Observations on pictures by Sigmar Polke
Dürer Hase (i.e., Dürer's Hare, 1970)
Tischerücken (i.e., Moving Tables, 1981)
Tischerücken is one of Polke's first poured pictures, in which the artist concedes accident a decisive part in his working process. Only through swaying the laid out surface, through moving the table on which it lies, does the picture emerge and receive the message of the painter, which is completely open to the interpretation of the viewer.
Polke reinforces the idea of the table by using simple, printed department store fabric in the place of a canvass and furthermore lets its protrude over the edges of the picture frame, like a table cloth. The drawing of lines on the surface can be read as a sketch adumbrating the work process. The form of the table is set aslant, the rolling lines suggest the flow of colour, and the perpendicular line can be seen as an indication of the result, an abstract panel. The painter constructs a mystery in the abstract dimension and at the same time exposes the method of secretiveness. There is nothing behind it but the artist himself.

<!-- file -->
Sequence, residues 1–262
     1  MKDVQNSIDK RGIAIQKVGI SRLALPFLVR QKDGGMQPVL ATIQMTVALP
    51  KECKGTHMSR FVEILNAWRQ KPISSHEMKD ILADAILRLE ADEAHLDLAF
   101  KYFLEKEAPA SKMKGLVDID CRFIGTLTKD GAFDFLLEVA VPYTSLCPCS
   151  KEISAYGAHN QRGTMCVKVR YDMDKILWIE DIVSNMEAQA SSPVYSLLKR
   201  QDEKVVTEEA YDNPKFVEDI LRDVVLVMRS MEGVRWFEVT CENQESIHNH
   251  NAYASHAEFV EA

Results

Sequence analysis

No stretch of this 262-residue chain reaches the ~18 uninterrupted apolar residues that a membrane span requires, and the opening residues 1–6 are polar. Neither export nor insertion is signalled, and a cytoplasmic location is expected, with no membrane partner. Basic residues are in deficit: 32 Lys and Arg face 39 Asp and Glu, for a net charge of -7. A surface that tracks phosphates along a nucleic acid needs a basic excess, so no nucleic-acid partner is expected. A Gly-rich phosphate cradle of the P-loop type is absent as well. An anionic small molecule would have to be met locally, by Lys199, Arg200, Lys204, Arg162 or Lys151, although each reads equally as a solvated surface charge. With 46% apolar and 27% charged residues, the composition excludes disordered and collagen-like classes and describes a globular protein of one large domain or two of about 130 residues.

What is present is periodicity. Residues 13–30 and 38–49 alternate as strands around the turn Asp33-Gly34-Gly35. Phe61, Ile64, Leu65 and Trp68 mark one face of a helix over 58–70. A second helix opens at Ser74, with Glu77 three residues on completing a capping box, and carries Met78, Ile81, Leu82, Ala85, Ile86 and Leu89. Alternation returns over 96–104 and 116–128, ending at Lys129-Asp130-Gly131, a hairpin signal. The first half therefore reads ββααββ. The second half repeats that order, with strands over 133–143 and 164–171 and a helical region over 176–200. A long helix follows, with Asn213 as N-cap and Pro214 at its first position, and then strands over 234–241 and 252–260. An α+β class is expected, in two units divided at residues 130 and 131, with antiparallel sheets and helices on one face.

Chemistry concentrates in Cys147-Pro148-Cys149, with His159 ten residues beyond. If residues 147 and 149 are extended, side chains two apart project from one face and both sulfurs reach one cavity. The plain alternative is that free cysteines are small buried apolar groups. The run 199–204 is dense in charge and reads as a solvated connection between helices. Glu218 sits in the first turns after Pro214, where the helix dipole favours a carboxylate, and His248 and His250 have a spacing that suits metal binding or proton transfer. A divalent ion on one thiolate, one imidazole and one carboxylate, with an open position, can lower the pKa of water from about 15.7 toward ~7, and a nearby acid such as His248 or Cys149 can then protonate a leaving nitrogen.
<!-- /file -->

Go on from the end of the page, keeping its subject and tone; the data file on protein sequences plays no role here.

Triptychon (i.e., Triptych, 1996)
The three-part work belongs to a series of poured and synthetic resin pictures. The three panels together form a unity. With a breadth of 8 ½ metres and a height of nearly 3 metres this monumental work is one of the biggest pictures in Polke's œuvre. It is today in possession of the Frieder Burda Collection.
The picture consists of several layers of synthetic resin and lacquer that run flowingly over and through each other and have hardened. Poured over a polyester fabric, the stretcher frame behind the picture shows through the picture's surface and so reinforces the interpretation that it represents a motif of crucifixion.
The tripartite form suggests a religious reading. The title further underscores this. But it is a purely abstract picture. Through the form and title, the viewer alone reads the sacral meaning into the work.